HISTORY & INFORMATIONCape Woolamai
The Cape Woolamai light is a small green GRP cabinet located on the eastern end of Phillip Island, on the highest point of the island. On 5 January 1878, George Bass named the south-west cape of Phillip Island "Cape Woolamai" after an Aboriginal word for snapper, as the Cape "had the appearance of the head of a snapper".
The navigational bacon is an important landmark for passing boats and ships sailing up the eastern passage to San Remo & Newhaven. Established in 1928, the original beacon was a kerosene lantern, and it was the job of a local farmer to ride on horseback each night to light the lantern, and return to put it out in the morning.
The kerosene lantern was replaced in the late 1920's by cast-iron gas cylinders which powered the light. The current light is automatic and solar-powered, and was possibly the last acetylene light in Australia.
Grossard Point Light / Point Grant Light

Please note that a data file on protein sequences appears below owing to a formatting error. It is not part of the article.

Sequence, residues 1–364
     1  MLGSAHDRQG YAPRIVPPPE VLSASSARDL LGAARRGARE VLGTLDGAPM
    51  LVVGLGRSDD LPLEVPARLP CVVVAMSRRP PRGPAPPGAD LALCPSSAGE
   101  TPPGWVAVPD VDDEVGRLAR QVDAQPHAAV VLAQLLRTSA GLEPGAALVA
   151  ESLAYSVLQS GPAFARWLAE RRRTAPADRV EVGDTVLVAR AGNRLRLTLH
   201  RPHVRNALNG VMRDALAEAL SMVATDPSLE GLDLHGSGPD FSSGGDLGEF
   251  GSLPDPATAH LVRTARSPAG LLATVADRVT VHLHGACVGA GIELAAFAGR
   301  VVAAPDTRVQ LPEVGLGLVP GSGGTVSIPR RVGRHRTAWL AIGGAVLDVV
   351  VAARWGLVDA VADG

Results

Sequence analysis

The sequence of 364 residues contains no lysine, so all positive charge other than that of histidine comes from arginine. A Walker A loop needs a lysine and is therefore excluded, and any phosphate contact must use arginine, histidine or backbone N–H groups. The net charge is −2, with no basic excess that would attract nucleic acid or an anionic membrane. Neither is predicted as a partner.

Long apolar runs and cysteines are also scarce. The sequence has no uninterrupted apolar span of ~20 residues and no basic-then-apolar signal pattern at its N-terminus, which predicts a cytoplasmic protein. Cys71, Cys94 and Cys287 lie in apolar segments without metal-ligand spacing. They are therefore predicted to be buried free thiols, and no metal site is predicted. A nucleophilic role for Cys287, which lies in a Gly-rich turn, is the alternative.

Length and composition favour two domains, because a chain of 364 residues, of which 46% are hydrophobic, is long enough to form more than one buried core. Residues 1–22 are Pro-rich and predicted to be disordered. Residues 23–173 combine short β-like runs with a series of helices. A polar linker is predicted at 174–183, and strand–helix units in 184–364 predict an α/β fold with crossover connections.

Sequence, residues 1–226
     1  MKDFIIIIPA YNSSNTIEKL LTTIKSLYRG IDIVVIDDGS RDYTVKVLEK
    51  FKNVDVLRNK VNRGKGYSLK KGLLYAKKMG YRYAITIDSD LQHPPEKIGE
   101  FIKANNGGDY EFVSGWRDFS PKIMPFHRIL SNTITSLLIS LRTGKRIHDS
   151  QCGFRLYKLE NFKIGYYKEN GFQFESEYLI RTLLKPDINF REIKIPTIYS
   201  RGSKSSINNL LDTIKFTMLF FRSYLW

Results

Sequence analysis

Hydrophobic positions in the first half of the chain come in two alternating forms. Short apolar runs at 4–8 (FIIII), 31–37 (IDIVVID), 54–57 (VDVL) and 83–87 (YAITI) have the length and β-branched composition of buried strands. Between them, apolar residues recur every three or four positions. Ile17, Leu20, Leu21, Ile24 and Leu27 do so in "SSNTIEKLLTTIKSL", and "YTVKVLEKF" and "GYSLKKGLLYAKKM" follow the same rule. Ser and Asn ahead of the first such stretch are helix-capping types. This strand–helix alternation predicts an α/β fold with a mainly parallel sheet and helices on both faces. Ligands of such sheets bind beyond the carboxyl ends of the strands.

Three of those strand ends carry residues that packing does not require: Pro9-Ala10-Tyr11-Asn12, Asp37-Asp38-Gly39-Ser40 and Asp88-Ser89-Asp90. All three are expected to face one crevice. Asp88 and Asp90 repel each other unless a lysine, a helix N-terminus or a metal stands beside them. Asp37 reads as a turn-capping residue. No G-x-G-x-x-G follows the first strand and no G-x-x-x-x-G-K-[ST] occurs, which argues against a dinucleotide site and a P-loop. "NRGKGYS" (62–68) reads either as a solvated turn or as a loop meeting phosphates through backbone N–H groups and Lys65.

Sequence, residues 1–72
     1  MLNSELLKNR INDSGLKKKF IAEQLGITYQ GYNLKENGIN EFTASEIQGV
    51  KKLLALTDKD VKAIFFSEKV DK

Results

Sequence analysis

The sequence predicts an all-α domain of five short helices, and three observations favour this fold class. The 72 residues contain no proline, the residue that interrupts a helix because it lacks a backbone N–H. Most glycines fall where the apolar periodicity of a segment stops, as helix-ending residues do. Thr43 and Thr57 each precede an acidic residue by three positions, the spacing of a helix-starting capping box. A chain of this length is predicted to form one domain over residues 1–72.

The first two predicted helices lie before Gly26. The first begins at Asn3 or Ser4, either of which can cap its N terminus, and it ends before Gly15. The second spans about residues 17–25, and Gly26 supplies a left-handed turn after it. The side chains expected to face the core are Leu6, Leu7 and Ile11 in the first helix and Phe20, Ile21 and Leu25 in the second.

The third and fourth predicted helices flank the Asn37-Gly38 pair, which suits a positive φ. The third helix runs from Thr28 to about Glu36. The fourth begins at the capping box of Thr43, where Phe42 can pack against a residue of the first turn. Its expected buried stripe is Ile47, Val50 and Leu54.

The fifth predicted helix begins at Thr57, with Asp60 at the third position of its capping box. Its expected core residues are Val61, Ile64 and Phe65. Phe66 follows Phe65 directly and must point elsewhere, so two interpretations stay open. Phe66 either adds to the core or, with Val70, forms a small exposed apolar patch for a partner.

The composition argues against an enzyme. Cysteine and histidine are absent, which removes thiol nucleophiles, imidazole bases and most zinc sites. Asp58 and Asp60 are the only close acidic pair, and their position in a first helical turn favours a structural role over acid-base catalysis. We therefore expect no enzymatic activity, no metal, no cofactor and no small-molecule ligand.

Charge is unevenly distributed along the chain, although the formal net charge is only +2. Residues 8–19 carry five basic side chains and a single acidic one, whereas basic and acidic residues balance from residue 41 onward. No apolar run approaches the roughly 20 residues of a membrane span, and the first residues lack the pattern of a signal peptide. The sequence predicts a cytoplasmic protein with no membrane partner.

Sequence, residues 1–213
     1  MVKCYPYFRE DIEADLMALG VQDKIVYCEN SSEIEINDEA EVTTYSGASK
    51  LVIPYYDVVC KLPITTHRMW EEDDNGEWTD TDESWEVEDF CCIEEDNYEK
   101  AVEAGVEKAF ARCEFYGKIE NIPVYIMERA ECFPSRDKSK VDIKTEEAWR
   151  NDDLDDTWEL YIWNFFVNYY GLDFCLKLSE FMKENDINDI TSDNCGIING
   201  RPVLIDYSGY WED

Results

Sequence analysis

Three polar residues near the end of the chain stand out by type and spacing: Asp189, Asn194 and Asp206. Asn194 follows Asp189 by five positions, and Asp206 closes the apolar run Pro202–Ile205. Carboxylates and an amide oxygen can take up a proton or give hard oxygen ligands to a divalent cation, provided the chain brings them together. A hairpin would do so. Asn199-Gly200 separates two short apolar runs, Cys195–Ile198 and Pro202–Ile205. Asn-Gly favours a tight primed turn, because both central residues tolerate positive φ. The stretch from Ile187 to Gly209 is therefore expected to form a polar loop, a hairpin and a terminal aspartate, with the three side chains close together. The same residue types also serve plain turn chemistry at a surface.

The Point Grant lighthouse at the western end of Phillip Island, as pictured on Grant Maizels' website, was built in 1947, and demolished in 1998 to make way for the visitor's centre at Seal Rocks Tourist Complex. The tower was 19 metres tall, with an elevation of 52 metres. The tower at Grossard Point appears to be very similar to the Point Grant light. The very small Round Island light was built in 1997 to replace the Point Grant light, and is barely visible from the Nobbies Lookout.
Photographed by K. Eggleston, 7 November 2000 © Kristie Eggleston
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Page last updated: 28 December 2003
Copyright © 1999-2003 Kristie Eggleston. All rights reserved.